Newspaper Page Text
AEROPLANE DESIGNED TO CARRY SIX PASSENGERS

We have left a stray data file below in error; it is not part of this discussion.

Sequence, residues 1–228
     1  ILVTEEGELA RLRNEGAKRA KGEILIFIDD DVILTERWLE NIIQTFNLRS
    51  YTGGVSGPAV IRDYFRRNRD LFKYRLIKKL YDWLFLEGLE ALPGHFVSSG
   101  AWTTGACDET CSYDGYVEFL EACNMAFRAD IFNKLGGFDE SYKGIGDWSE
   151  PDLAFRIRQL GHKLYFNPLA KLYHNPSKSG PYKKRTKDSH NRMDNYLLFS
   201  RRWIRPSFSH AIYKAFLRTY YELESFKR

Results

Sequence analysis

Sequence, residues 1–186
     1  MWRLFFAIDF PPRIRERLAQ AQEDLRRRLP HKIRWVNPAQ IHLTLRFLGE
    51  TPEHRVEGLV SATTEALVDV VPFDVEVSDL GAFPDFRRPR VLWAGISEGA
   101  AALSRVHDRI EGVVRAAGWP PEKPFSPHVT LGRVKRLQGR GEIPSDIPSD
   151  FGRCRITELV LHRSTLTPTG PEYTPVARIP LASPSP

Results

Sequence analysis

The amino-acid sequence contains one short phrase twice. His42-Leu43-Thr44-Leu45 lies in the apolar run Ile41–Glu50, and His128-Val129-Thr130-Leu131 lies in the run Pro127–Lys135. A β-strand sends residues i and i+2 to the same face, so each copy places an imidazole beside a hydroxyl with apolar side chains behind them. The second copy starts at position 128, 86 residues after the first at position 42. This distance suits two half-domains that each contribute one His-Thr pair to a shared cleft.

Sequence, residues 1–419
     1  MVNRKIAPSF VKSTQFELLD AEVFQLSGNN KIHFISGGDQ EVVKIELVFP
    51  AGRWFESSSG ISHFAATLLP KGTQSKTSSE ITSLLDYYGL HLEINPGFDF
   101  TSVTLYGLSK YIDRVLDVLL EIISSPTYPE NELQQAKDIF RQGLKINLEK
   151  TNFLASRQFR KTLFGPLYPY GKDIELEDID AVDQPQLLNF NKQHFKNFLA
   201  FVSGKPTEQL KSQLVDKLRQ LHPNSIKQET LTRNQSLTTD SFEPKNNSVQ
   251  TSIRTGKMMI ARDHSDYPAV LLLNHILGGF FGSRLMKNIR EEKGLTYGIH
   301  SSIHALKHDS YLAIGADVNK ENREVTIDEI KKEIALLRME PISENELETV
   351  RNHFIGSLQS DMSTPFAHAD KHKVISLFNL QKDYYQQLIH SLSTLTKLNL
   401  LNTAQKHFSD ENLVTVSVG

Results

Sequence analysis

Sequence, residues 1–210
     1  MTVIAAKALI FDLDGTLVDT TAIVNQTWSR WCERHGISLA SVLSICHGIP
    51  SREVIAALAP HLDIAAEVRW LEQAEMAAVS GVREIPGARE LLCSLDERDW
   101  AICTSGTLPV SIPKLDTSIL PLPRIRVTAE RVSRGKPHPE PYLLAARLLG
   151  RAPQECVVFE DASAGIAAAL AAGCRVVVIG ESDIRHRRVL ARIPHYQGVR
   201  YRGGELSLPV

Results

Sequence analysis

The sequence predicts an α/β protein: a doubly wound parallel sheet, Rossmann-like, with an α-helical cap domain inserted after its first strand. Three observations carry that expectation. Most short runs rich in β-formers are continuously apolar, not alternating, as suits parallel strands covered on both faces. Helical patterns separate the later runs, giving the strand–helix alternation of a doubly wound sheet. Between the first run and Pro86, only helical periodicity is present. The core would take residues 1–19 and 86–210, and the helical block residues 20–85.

T "■" . .1 ■ —===== ^ LIEUT, j. W. Seddon of the British navy has just designed and built an enormous aeroplane which is intend ed to carry six passengers. Preliminary tests are being made with it near Wolverhampton, England. This "tandem biplane,” as it Is called, differs entirely from any other flying machine now in use. The contri vance weighs about a ton, steel tubes take the place of wires, the planes cover an area of 1,000 feet and it will be propelled by two eighty-horse-power engines which are placed between the two sets of planes. HORSE ON PENSION — n Jerry, Equine Detective, Given Al lowance for Services. Corporation, Recognizing Eighteen Years of Faithfulness, Will Make Life Easy Rest of Animal's Days. Spokane, Wash. — Jerry, faithful servant and one-time detective, has been pensioned by a great express company after serving that corpora tion for 18 years. Jerry is not an ordinary being. Un like many who have fitted into the scheme of a great business, Jerry never would work on Sunday, how ever pressing might have been the occasion. Jerry is bay gelding 15% hands high and weighs 1,350 pounds. He was foaled in 1886. Jerry’s pedigree is not worth mentioning. He was a work horse and served 18 years with out a day oil or 'a vacation. Besides fhithfully pulling the wagon, Jerry has guarded the com pany’s treasures. Several years ago there apparently was a hold-up in the yard in the rear of the office. Jerry'B driver proved to be the hold-up. Rob bing himself, he 'pretended to be the victim of bandits. To carry out his deception the driver had fired one shot into the wall and was about to fire again. Just then Jerry got an idea. He suddenly backed the wagon, the wheel hit the revolver, turned it and the bullet buried itself in the driver’s leg. The seeming mystery surrounding the robbery was solved soon afterward. Eighteen years ago, when the popu lation of Spokane was less than 15,000 Jerry and his team mate were bought by the company, the price paid being $600. They made the rounds together until 1899, when the mate died. Jerry was put between the shafts of a single wagon and he made the rounds alone, simply because he would not work double. He never forgot his team mate. Jerry became the pet of the office force, the favorite of merchants and of the barn men through his intelli gence and gentleness. He always had a box stall. Some time ago one of the horses in the barn became ill. Jerry was put in a single stall that the ailing animal might have the box. ; Now this was not to Jerry’s liking. He had been wronged and he knew it. He set his slant heels to work, making room rapidly. He was ready for the big posts when the barn men led him to his stall. Jerry was punctual. When the sev en o’clock whistle blew, he left his comfortable stall and calmly walked upstairs to his wagon, backed between the thills and waited to be harnessed. He was willing to work, but he was as willing to quit Promptly at six o’clock in the evening Jerry Btarted for the barn. No hitching weight would deter him, unless it had been fastened to the pavement. Jerry knew his way around town, too, and never missed a stop. He had watched the city grow to 120,000 popu lation. He saw 15-story structures take the place of squatty brick build ings, but in the bustle of develop ment he kept up with the times. Having earned his rest, Jerry will be sent into a pasture in the Spokane valley, about five miles from the scene of his labor. He will run knee-deep in clover and alfalfa with the fragrant odors from surrounding orchards and the perfumes of wild flowers to whet his appetite and woo him to sleep when the sun has slipped behind the western hills. NEW YORK MAN NEVER KISSED Incidental to Engagement Handsome Easterner Makes Blushing Admis sion—Likes Girls. New York.—Can a man live 40 years in New York, with *1 its pretty girls, without kissing or being kissed? Here is one man who says he can. He points to his own case as an in stance, and the other day he told why. Olin W. Hill, secretary of the Car negie Safe Deposit company, is the man. He is over forty, handsome, well groomed, and bears all the outward marks of a man-about-town. But Mr. Hill has at last fallen a victim to Cupid’s darts, and he blush ingly admitted his engagement to Miss Martha Brown, daughter of Mrs. Slater Brown of Seattle. “The young woman is now in New York purchasing her trousseau,” Mr. Hill said, “and she expects her mother here shortly. “Until now I have never been in love with any woman, have never kissed a woman, or even thought of proposing. I had intended to keep my engagement secret until Miss Brown s mother arrived, and then let her make the announcement, but the false re ports that I was to marry a stenog rapher named Miss Brown in the em ploy of the Carnegie Trust company had to be corrected.” Mr. Hill admitted that he liked the girls well enough, but said that he be lieved that no man had a right to kiss one until after marriage. COVER POSTERS OF BALLET Members of Old Ladies’ Home Resent Billboard Pictures of Women Scantily Dressed. Wilkesbarre, Pa.—Opposite the Old Ladies' home In this city is a dead wall, which is used to advertise at tractions at some of the local thea ters. A billposter put up a number of posters of ballet dancers clad in gaudy and scant attire. The inmates of the house, who jsaw them from their windows, were indignant They held a consultation and then resolved on action,. They procured a number of newspapers, and with paste and pot made their way to the opposite side of the street and covered the lower limbs of the dancers, and were much pleased with their work. One of them remarked: "There now! I guess decency will not be out raged.” DANGER IN LEATHER. 4L-— Expert’s Opinion Is That Blood Poisoning May Result. Cheap Grades of Shoes Made From Skins Not Properly Prepared Oft en Cause Trouble to Their Wearers. London.—Beware of cheap boots. In their leather, if tanned by a re cently utilized scientific process, there may lurk a grave danger to health. Blood poisoning is the danger to be feared, and according to an expert’s opinion blood poisoning in a form ex tremely difficult to cure. In the north of England a case of blood poisoning from this cause has just been reported, and the victim, an inspector of the National Society for the Prevention of Cruelty to Children, was rendered very seriously ilL While attending a police court wear ing a pair of boots of the kind warned against, he collapsed, and his skin turned from its natural color to blue and then to black. He was taken to a hospital, and oxygen had to be administered to re vive him and it was not until a week afterwards that he was well enough to be sent home. Tanning leather by means of chro mic acid is the source of the trouble. An analylst on the staff of the Leathersellers’ company’s Technical college described the dangers of this form of tanning. “The process was invented by Prof. Schultz in 1887, and it is known as chrome tanning. At that time they could not make it a practical success, and It remained in the experimental stage for many years. “An American firm then took it up and it is now the pioneer of the pro cess. The poisoning is due to chro mic acid, and occurs when the tanning is not carefully done. “The skin first goes into a bath of chromic acid, and is then changed from the acid to a base-bath, in which the acid is neutralized by reduction with hyposulphite. If the chrbmic acid is thoroughly neutralized the leather is then perfectly safe and harmless. “But If any free cnromlc acid it left in the leather, blood poisoning may result, and in the manufacture of the cheaper grades of leather there Is a danger that the process may not be completely carried out. “In a factory a man who works at the chroihic acid bath Is generally put to work at the reducing bath too, so that any chromic acid in his hands may be neutralized. If it is not he gets ‘chrome sores,’ which are very dangerous and are difficult to cure. Lanoline is largely used and recom mended now. “Chrome tanning is generally used for upper leather and not often for soles, because when wetted It gets very slippery. “A large number of tanners are now giving up the old process for the chrome for light leather, but it is not yet very popular with heavy manufac turers. “I have heard of continual com plaints that it ‘draws’ the feet badly. “Chrome tanning is the latest word In tanning in England," the manager of a well known Strand firm of sad dlers said. “We only use It for one particular strap on saddles which go to South America, and then it is so padded that it touches neither horse nor rider. “The process makes leather as near ly as possible waterproof. It is still in its infancy. “If chrome tanning is properly done there ought to be no danger, but if done hastily by unqualified people, chromic acid and other chemicals are left In the leather and are dissolved out in the perspiration, so that ‘chrome sores’ and other mischief might be caused." “Chromates in solution," said the medical officer of health for a large district, “have a poisonous action and also act corrosively on the skin. Chro mic acid is a strongly acid liquid and In some cases the workmen preparing it or using it in various processes suf fer Bevere ulcers.” Lord’s Prayer on Coin. New York.—A curious specimen of the fine work of a famous old Ameri can engraver, A. W. Overbaugh, has come to light in a little Staten Island town. The relic is an ancient gold dollar, in the center of which, in a. cir cle one-sixth of an inch in diameter, Overbaugh engraved the Lord’s pray er. The inscription cannot be seen with the naked eye, but is distinct with the aid of glasses. The engraving was done on a wager. DEBUT OF ELEVEN DUCKLINGS. I - At-—--■ Hot Water Hatches Them In New Jer sey Campers' Improved Refrig erator-Doing Well. Centerville, N. J.—Members of the Eureka Camping club, of Jersey City, who are camping along the Little Nos copeck creek, north of this town, were surprised when they saw eleven young ducklings swimming about In the pond formed by a turn in the stream. The presence of the fowl puzzled the camp ers, as no mother duck waB In sight and there Is not a farmhouse within a mile of the place. The mystery of the ducklings’ ap pearance was explained, however, when Barton Youngscourt returned to camp. He had charge of the commis sary of the colony up to the time busi ness compelled him to leave for his borne, several weeks ago. Youngscourt, before his departure, had purchased In Centerville what were represented U> be a dozen ducks’ eggs. He placed them In a basket and set them In the cool edge of the stnfem. He neglected to tell his companions of this wnen ne was suddenly called to Jersey City. Soon after Youngscourt left camp the Centerville Power company plant, just above the colony was put In op eration. The exhaust W the power house was turned into the stream and the hot water raised the temperature of the creek. The eggs were In the warmest part of the current, and that resulted in the hatching of the eleven ducklings that were seen for the first time today. Youngscourt found the basket, which contained twelve empty shells. There also was the body of a chick. The twelfth egg had been that of a hen, and the chick hatched out of It was drowned before it could get, to land. Copyright Town Nemo. Wllkesbarre. Pa.—Wllkesbarre will try to copyright Its name so It cannot he used by any other place la the United States. Whether this can be done or not Is uncertain, but the dty Council at a meeting adopted a leeolu .\ j .- ’ l„ ,/ _ V -M tion providing that application for a copyright be made. Infantile Paralysis Increases. Harrisburg. Pa.—There are 658 cases of infantile paralysis in 45 of the 67 counties of Pennsylvania, ac cording to reports received by the state department of health. The larg est number Is In Lancaster county, where there are 135 cases. Philadel phia reports 79 cases. s' one In Each Five Divorced. Los Angeles, Cal.—Records show that from October 1, 1909, to October 1, 1910, 1,060 divorces were granted In Los Angeles, 645 of them within the last six months. This is at the rate of one divorce to less than five marriages. Daring September 802 separations were granted. : - ^ French Nobility Drown. V ^ Paris.—There were only 80,000 noble families in Stance before the Revolu tion; now there are ten times as many Riming to be blue-blooded aristo crats, this in spite of the fact t£at a great many of the old families have died out or are dying <rat SPEECHLESS FOR THANKS Arlcusas Lady Cannot Say Enough In Praise of Cardui, Which Did Her a World of Good. Mena, Ark.—"! find Cardui to be all you represent," writes Mrs. H. B. York, of this city. “I suffered for near ly two years, before I tried your rem edy. I have been so relieved since tak ing Cardui. I cannot say enough In Its praise. It has done me a world of good, and 1 recommend Cardui to all women." Similar letters come to us every day, from all over the country, telling the same story of benefit obtained from Cardui, the woman’s tonic. This great remedy Is over 60 years old, and is more in demand today than ever. Cardui has stood the test of time. It is the standard, tonic medi cine, for women of every age. The first thought, In female ail ments. Would you like to be well and strong again? Then take Cardui. It can’t possibly harm you, and Its record Indicates that It ought to help you. Have you poor health? Cardui has assisted thousands of women to glow lng good health. Do you lack strength? Cardul Is a Btrength-bullding tonic for women. Over a million women have bene fited by its use. Can you think of any good reason why you should not try it? Ask your druggist. He knows. N. B.— Write to: Ladles’Advisory Dept., Chattanooga Medicine Co., Chattanooga. Tenn., for Strcial Initructions, and 64 page book, “Home Treatment for Wom en,’’ sent In plain wrapper on request Was Getting Monotonous. A handsome woman who had been so unfortunate as to find occasion to divorce not one but several husbands was returning from Nevada. In Chi cago she happened to meet her first husband, for whom, by the way, she always has entertained a real affec tion. “Upon my soul, if it isn’t Charlie!” exclaimed the ex-wife, cordially shak ing hands with the gentleman whose name she had formerly borne. “I’m awfully glad to see you, Charlie!" Then, after a wistful expression had come to and been banished from her countenance, she added: “Old chap, I’ve often wondered where you were and what you were doing. It was too bad we didn’t get on better together. I hope your ex perience hasn’t been as unpleasant as mine. I’m sick and tired of mar rying strangers!" REST AND PEACE Fall Upon Distracted Households When Cuticura Enters. Sleep for skin tortured babies and rest for tired, fretted mothers is found in a hot bath with Cuticura Soap and a gentle anointing with Cuticura Oint ment This treatment, in the major ity of cases, affords immediate relief in the most distressing forms of itch ing, burning, scaly, and crusted hu mors, eczema, rashes, inflammations, irritations, and chaflngs, of infancy and childhood, permits rest and sleep to both parent and child, and points to a speedy cure, when other remedies fail. Worn-out and worried parents will find this pure, sweet and econom ical treatment realizes their highest expectations, and may be applied to the youngest infants as well as chil dren of all ages. The Cuticura Rem edies are sold by druggists every where. Send to Potter Drug & Chem. Corp., sole proprietors, Boston, Mass., for their free 32-page Cuticura Booh^bf the care and treatment of skin and scalp of infants, children and adults. Deadlock. "Who is that man who has been sit ting behind the bar day after day?" inquired the stranger in Crimson Gulch. “That’s Stage Coach Charley. He’s in a peculiar predicament. He went to town last week and got his teeth fixed. Then he came here, and, bein’ broke, ran up a bill on the strength of his seven dollars’ worth of gold fillin’. Charley won’t submit to havin’ the nuggets pried out an’ the proprietor won’t let him git away with the col lateral, and there you are!" She Probably Could. Senator La Follette, apropos of cer tain scandals, said at a dinner in Mad ison: “These things recall the legisla tor who remarked to his wife, with a look of disgust: ‘One of those land lobbyists approached me today with another insulting proposition.’ “The wife, a young and pretty wom an, clapped her hands. ‘Oh, good!' she cried. ‘Then I can have that sable stole, after all, can’t I, dear?’ ” The Family Growler. “Why are you weeping, little boy?” “I broke de pitcher." "Well, there’s no use crying over spilt milk.” “G’wan! Dis wuz beer.”—Louisville Courier-Journal. Queen's High. "Does Bliggins ever bluff when he plays cards?" “Never until he gets home and ex plains where he has been.” Pettit's Eye 8alve Restores. No matter how badly the eyes may be diseased or injured. All druggists or How ard Bros., Buffalo, N. Y. When a man dresses like a slouch It’s a pretty good sign that he either ought to get married or get divorced. V gm. windows Soothing By nip. It is pleasant to grow eld with good health and a good friend.—Socrates. --——— • I, .. ..... NATURAL ACT FOR MOTHER Women Understand That Not Heroism but 8lmply Love Prompted 8elf Sacrifice. A few days ago, In a somewhat squalid neighborhood, a house caught fire. The flames shot quickly through the litter on the floor and the untidy array of clothing on the walls. A wom an' talking with a neighbor ran scream ing to the house and without an in stant's hesitation sprang through the Bmoklng doorway Into what already seemed an inferno. A moment later she staggered out, her hands and face blackened and blistered and her clothing on fire. In her arms she bore her baby, safe from barm. The afternoon papers came out with the story, printed under headlines ex tolling this mother’s heroism. Men read it on street cars, and as their eyes gleamed with the stirring of the spirit which leaps to greet noble ddeds they said: “That woman dared to do what most men would be afraid to do." But the mothers who read it at home did not think that way. Perhaps the danger to the baby, the wrecking of the home and the burns the woman suffered brought moisture to their eyes, but to them the act was not one of heroism—it was simply what any natural mother, no matter how timid, would do under the same circum stances.—Cleveland Leader. $100 Reward, $100. The readers of this paper will be pleased to learn that there Is at least one dreaded disease that aclenee has been able to cure In all Its stages, and that la Catarrh. Hall's Catarrh Cure 1b the only positive cure now known to the medical fraternity. Catarrh being a constitutional disease, requires a constitu tional treatment. Hall’s Catarrh Cure Is taken In ternally. acting directly upon the blood and mucous surfaces of the system, thereby destroying the foundation of the disease, and giving the patient strength by building up the constitution and assist ing nature in doing Its work. The proprietors have to much faith In Its curative powers that they offer One Hundred Dollars for any case that It falls to eure. Send for list of testimonials. Address F. J. CHENEY A CO.. Toledo. O. Sold by all Druggists, 75c. Take Hall's Family Fills for constipation. NOTHING BETTER IN SIGHT. I Cook—Please, ma’am, I want to give a week’s notice. Mistress—Why, Jane, this is indeed a surprise. Are you not satisfied with the treatment you receive here? Cook—Oh! yes, ma’am. Mistress—Then I suppose you have something better in view? Cook—Oh! no, ma’am; I’m only go ing to get married. Fable of Pan of Biscuits. A Vassar girl married a Kansas farmer. Two weeks later a cyclone made the happy pair a friendly call. It cavorted around the premises, ripping up the fences, scattering the haystacks and playing horse with the barn, but when it looked through the open window it drew back in alarm. There lay the bride’s first pan of biscuits. “I ain’t feelin’ very strong this morning,” murmured the cyclone. And with another glance at the ter rible pan it blew itself away. TRY MURINE EYE REMEDY for Red, Weak, Weary, Watery Eyes and Granulated Eyelids. Murine Doesn’t Smart—Soothes Eye Pain. Druggists Sell Murine Eye Remedy, Liquid, 25c, 50c, $1.00. Murine Eye Salve in Aseptic Tubes, 25c. $1.00. Eye Books and Eye Advice Free by Mail. Murine Eye Remedy Co., Chicago. At the First Try. “What do you think of my dough nuts. George?” “Dear, you are a wonder!” “Do you think so really, darling?" "I certainly- do. Scientists have been trying for years to produce artifi cial rubber, and here you do it the first rattle out of the box.” "SPOHN'S." This is the name of the greatest of all remedies for Distemper, Pink Eye, Heaves, and the like among all ages of horses. Sold by Druggists, Harness Makers, .or send to the manufacturers. $.50 and $1.00 a bottle. Agents wanted. Send for free book. Spohn Medical Co., Spec. Contagious Diseases, Goshen, Ind. So They Say. Stranger—I say, my lad, what is considered a good score on these links? Caddie—Well, sir, most of the gents here tries to do It in as few strokes as they can, but it generally takes a few more.—Scottish American. TO DRIVE OUT MALARIA _ AND BUILD UP THE SYSTEM Take the Old Standard GBOYB’S TASTBLB3S CHILL TONIC. Yon know what yon are taking. The formula Is plainly printed on every bottle, showing It Is simply Quinine and Iron In a taste less form. The Quinine drives out the malaria and tne Iron builds up the system. Sold by an dealers for Ml yeara Aloe SO cents. Now He Know*. “On what grounds does your father object to me?” he asked. “On any grounds within a mile of our house,” she answered. Important to Moth ora Examine carefully every bottle of CASTORIA, a safe and sure remedy for infanta and children, and see that it In Use For Over 90 Yean, i The Kind You Have Always Bought When the patient man is once aroused he makes up for lost time. ---—-—-V .. . W. Hr 1 THE MALARIA MONSTER If the mosquito were as big as it is bad, it would darken the air like a gigantic death-breathing dragon. Each sting of a mosquito sows the germs of malaria. These germs multiply with wonderful rapidity. Then come chilis and fever with other forms of malaria that undermine the health and sap the strength. OXIDINE • * ; * . .1 v I —a DOtue proves. It is die modem malaria medicine and the one sure 1 antidote for malaria poisoning. It kills the chills. It quenches the fever fires. It stamps out the cause and i; consequences of the disease. That s only the beginning of helpful healing work of OXIDINE. It builds up the body, revitalizes the system, enriches the blood, tones up the stomach, bowels, liver and kidneys. OXIDINE puts the body on a fighting footing of superb health. The tonic qualities of OXIDINE make it the best medicine for all weak, run down, thin, pale persons. It is the best body-building tonic money can buy. 50c at Your Deakr’s PATTON-WORSHAM DRUG CO., Mfrs., Dallas, Texas. That Cold Room on the side of the house where winter blasts strike hardest always a lower temperature than the house. There are times is necessary to raise the iperature quickly or to keep the temperature up for a long period. That can’t be done by the regular method of heating without great trouble and overheating the rest of the house. The only reliable method of heating such a room by other means is to use a Perfection Aw Smokeless 1 13 Absolutely smokeless and odorless which can be kept at full or low heat for a short or long time. Four quarts of oil will give a glowing heat for nine hours, without smoke or smell. An indicator always shows the amount of oil in the font. Filler-cap does not screw on; but is put in like a cork in a bottle, and is attached by a chain and cannot get lost. An automatic-locking flame spreader prevents the wick from being turned high enough to smoke, and is easy to remove and drop back so that it can be cleaned in an instant. The burner body or gallery cannot become wedged, and can be unscrewed fn an instant for rewicking. Finished In japan or nickel, strong, durable, well made, built for service, and yet ligbt and ornamental. Has a cool handle. DnJert Everywhere. If not of yours, write for descriptive araUar to the nearest agency of the -Wd Oil Company ^ (Incorporated)_ ■. _ „ J^k WINTERSMITH’S Oldest and Best Tonic; for Malaria and Debility. A splendid general tonic; 40 yeari’ success. Contains no arsenic or other poisons. Unlike quinine. It leaves no bad effects. Take no substitute. FREE— book of Duzzles sent to any address. §■ A&THL'B ritm 4 CO., flw’l Afmla, LOUISVILLE. SV. TON c L. DOUGLAS •3= & *$4 SHOE! & WOMEN •Shoes, *2.00,42.50 A $3.00. Best in the World. W. L. Oouplam 03.00, 03.80and 04.00ahoma am poaUrrmly tha baa! madm and moat pop ular abooa for tho prloo In Antorlea, and am tho moat ooonomleal ahooa for you to buy. Do you realize that my shoes have been the standard for over JO years, that I make and sell more *3.00, S3.60 and *4.00 Shoes than any other manufacturer in the U.8., and that I»OIj LAR FOB DOLLAR, I GUARANTEE MY SHOES to hold their Shape, look and fit better,and wear longer than any other S3.00, S3.50 or S4.0O shoes von can bny T Quality counts._ made my shoes THE LEADERS OF THE tVORLI). Yon will be pleased when yon bny my shoes because of .... . jd appearance, and when It comes time for you to pur- a 1/ 1 <»uue another pair, yon will be more than pleased because EkeffTMlMU the last onesVore so Well, and gave yon so much comfort. » / Shoe Co. CAUTION fir. SSM&i£ th^u.'m.TAKE NO SUBSTITUTE If your dealer cannot supply yonwl^h Mall (>rd*rCatal og ^ n/TTA TO women as wen as men “ t*'-/ U are made miserable by ^ kidney and bladder trou ble. Dr. Kilmer’s Swamp ■RT AMF Root the great kidney DDA1UD remedy promptly reUeves. At druggists in fifty cent and dollar sixes. You may have a sample bottle by mall free, also pamphlet telling all about it. Address, Dr. Kilmer A Co., Binghamton, N. Y. Thompson's Eyo Vator W. N. U., MEMPHIS, NO. 44-1910. --_---:-: The par excellence of all razors KNOWN THE WORLD OVER j HOUSE FRONTS I Beams, Channels, Angles, All Building Mater*' lal requiring Iron. Iron and Brass Castings, light amd heavy. Pattern Work, Blackamlthlng, General Repairing of every kind for Oil Mills, Compresses, Gins, Saw Mills, and Plantations, especially solicited. Mall orders guaranteed | prompt attention. Write us. Livermore Foundry h Machine Co. 290 Altai Are. Meaghlt, Tana.